A related development is the growing number of enterprise-based systems designed to seamlessly bridge voice calls between cellular nets and WLANs. Start-ups like DiVitas and established companies like Siemens are all getting into the act. Typically, these involve a network appliance with software and close integration with an IP PBX. But so far, there seems to be little integration of these systems with the WLAN management infrastructure.

Still in development are IEEE standards that will increase management of WLAN clients. The 802.11k standard for radio resource management specifies a radio measurement data interface, allowing the WLAN infrastructure to collect statistics on the 802.11 physical layer and media access control layer for all radios, including clients.

The 802.11v standard defines a set of common control commands and protocol messages that among other things will let the infrastructure reach out to control key parameters on client radios. The standard also provides a means to control SNMP management information bases on WLAN clients.

Some vendors are implementing early versions of these or have comparable functions.

Controlling the complexity that WLANs add to network management

By John Cox

Managing an IEEE 802.11 wireless LAN adds complexity to the network management challenges facing administrators.

Wireless LANs use a radio signal instead of a cable to link clients to the network infrastructure of access points and controllers, and that means anyone with an 802.11 wireless adapter can connect to your network. Second, the clients are no longer anchored by a cable to the net: They can and do move anywhere, crossing access points and subnets.

So, wireless LAN management, like wireless LAN security, calls for a more comprehensive and more detailed approach than conventional LAN management. You need tools to monitor and administer the physical devices that form the infrastructure – access points and controllers – but also the wireless clients, which can connect to anywhere in that infrastructure, and the radio spectrum (to the degree that that's possible).

But the basic issue is the same as with wired nets: The more information you have about the WLAN, the better you can ensure availability and connectivity, optimize performance, and support a growing portfolio of services such as voice, video and location.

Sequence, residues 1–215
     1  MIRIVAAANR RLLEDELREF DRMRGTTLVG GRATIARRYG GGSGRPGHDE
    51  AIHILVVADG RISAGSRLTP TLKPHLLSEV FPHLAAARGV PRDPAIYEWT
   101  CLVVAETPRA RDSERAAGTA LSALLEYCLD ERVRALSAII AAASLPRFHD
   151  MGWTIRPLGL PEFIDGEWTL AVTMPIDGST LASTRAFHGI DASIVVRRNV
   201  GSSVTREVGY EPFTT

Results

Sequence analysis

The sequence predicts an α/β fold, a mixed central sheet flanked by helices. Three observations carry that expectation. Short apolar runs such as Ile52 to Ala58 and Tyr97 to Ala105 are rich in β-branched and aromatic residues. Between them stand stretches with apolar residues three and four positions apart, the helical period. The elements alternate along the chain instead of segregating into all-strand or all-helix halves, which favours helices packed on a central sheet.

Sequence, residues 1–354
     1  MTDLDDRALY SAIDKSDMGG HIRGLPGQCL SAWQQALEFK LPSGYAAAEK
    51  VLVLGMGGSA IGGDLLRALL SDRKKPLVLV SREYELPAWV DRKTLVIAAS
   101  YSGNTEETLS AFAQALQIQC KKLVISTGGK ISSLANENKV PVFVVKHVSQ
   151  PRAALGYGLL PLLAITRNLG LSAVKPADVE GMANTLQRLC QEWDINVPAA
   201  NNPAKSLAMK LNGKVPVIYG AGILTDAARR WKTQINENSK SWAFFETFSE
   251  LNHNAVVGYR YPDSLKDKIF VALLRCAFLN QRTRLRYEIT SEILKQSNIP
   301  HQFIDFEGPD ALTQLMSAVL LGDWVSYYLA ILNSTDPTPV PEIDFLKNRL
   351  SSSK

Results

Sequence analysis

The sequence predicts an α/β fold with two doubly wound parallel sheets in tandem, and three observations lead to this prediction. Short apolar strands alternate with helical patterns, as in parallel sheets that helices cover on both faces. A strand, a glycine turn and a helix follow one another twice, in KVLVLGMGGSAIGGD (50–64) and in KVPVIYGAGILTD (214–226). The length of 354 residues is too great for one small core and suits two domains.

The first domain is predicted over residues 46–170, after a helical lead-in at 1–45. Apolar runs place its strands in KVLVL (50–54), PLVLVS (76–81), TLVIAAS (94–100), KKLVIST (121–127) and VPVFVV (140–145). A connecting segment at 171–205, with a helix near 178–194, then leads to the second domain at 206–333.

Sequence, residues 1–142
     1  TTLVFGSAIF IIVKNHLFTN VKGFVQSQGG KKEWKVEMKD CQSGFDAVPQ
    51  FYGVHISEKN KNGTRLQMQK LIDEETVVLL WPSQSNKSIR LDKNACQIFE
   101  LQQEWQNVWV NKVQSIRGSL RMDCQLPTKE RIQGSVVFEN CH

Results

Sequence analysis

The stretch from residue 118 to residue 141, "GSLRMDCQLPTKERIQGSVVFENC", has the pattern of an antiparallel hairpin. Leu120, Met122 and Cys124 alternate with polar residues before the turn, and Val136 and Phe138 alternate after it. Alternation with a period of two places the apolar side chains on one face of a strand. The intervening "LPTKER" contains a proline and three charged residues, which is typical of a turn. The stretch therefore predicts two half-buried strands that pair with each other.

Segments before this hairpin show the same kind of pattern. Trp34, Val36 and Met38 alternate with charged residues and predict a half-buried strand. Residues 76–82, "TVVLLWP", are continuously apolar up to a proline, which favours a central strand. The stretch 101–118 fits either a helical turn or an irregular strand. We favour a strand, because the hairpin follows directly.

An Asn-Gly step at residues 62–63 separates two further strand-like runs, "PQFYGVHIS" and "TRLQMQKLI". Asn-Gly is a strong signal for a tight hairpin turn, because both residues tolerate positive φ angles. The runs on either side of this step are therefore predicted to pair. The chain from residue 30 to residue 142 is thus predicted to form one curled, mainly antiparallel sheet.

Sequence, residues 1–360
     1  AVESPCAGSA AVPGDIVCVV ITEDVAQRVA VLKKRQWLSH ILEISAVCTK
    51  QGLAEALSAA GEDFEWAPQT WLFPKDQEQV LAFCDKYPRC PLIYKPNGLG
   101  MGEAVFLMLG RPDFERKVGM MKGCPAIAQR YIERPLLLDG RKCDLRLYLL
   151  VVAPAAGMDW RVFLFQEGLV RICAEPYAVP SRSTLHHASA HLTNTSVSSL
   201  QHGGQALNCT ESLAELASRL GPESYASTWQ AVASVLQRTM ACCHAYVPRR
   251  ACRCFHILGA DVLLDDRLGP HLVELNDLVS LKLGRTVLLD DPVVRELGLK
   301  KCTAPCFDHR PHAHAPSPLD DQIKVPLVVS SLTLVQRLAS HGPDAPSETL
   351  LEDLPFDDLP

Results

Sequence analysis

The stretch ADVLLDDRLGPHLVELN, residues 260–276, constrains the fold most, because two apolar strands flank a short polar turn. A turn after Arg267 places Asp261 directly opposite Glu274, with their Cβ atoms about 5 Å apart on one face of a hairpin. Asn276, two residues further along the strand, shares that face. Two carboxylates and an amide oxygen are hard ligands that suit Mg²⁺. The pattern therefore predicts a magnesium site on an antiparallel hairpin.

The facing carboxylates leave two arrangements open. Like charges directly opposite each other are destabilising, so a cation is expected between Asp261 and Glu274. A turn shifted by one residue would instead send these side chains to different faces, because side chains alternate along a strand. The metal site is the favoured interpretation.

All WLAN vendors have a management application for their access points and controllers. The capabilities, features, GUIs and overall design of these applications vary widely. Evaluating the specifics of WLAN management products should be a high priority for any WLAN deployment or expansion. Some analysts say that management features will be one of the main differentiators, if not the primary one, between WLAN vendors.

A comprehensive network management application has two main elements. But these might be subdivided into several different applications, some developed by the WLAN vendor, some from third-party software vendors, or licensed from them and integrated by the WLAN vendor.

First, WLAN management should let you centrally configure, monitor and administer the physical devices, as in a wired net. The goal is to centralize and automate chunks of the management challenge, making the WLAN more resilient, reducing the burden of manual intervention, and optimizing the service levels for end-user and application performance.

Many management products have been focused on real-time snapshots of the network, but this kind of data is especially valuable if stored in a data warehouse, where it can be eventually correlated with relevant data from back-end servers for authentication, IP management or services such as VoIP.

Second, WLAN management should collect and analyze real-time data about the radio environment of access points and clients. At a minimum, this means data about:

* Interference from radios in the relevant signal bands, ambient radio noise and rogue wireless devices, all for managing the radio frequencies.

* Channel utilization, number of clients per access point, a full array of 802.11 statistics such as packet errors and drops, quality of service statistics on factors such as jitter and delay to evaluate streaming traffic like voice.

* The users' experience in terms of coverage, signal strength, signal-to-noise ratio, throughput and so on.

This data is essential for maintaining and optimizing the wireless network connection, for locating legitimate clients as well as interferers or threats, for mapping radio coverage patterns, and for alerting administrators to a wide range of real or potential problems, including channel conflicts and dropped connections.